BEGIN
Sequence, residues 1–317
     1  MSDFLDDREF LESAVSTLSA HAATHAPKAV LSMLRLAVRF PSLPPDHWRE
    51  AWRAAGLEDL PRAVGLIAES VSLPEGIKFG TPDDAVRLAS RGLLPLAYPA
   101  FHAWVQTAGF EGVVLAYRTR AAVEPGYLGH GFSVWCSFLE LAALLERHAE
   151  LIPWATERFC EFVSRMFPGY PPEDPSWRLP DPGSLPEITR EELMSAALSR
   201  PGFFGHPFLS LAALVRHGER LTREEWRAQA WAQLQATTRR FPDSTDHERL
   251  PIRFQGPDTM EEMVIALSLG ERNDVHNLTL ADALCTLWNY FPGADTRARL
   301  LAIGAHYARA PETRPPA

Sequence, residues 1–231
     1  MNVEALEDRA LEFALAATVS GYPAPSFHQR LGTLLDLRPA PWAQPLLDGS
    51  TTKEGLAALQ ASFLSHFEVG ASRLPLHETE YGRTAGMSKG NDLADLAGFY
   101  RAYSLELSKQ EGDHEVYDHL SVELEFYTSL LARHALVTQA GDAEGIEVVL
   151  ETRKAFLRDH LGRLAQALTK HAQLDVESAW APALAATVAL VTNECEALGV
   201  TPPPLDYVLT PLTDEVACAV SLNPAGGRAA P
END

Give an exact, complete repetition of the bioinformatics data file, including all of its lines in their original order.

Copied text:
Sequence, residues 1–317
     1  MSDFLDDREF LESAVSTLSA HAATHAPKAV LSMLRLAVRF PSLPPDHWRE
    51  AWRAAGLEDL PRAVGLIAES VSLPEGIKFG TPDDAVRLAS RGLLPLAYPA
   101  FHAWVQTAGF EGVVLAYRTR AAVEPGYLGH GFSVWCSFLE LAALLERHAE
   151  LIPWATERFC EFVSRMFPGY PPEDPSWRLP DPGSLPEITR EELMSAALSR
   201  PGFFGHPFLS LAALVRHGER LTREEWRAQA WAQLQATTRR FPDSTDHERL
   251  PIRFQGPDTM EEMVIALSLG ERNDVHNLTL ADALCTLWNY FPGADTRARL
   301  LAIGAHYARA PETRPPA

Sequence, residues 1–231
     1  MNVEALEDRA LEFALAATVS GYPAPSFHQR LGTLLDLRPA PWAQPLLDGS
    51  TTKEGLAALQ ASFLSHFEVG ASRLPLHETE YGRTAGMSKG NDLADLAGFY
   101  RAYSLELSKQ EGDHEVYDHL SVELEFYTSL LARHALVTQA GDAEGIEVVL
   151  ETRKAFLRDH LGRLAQALTK HAQLDVESAW APALAATVAL VTNECEALGV
   201  TPPPLDYVLT PLTDEVACAV SLNPAGGRAA P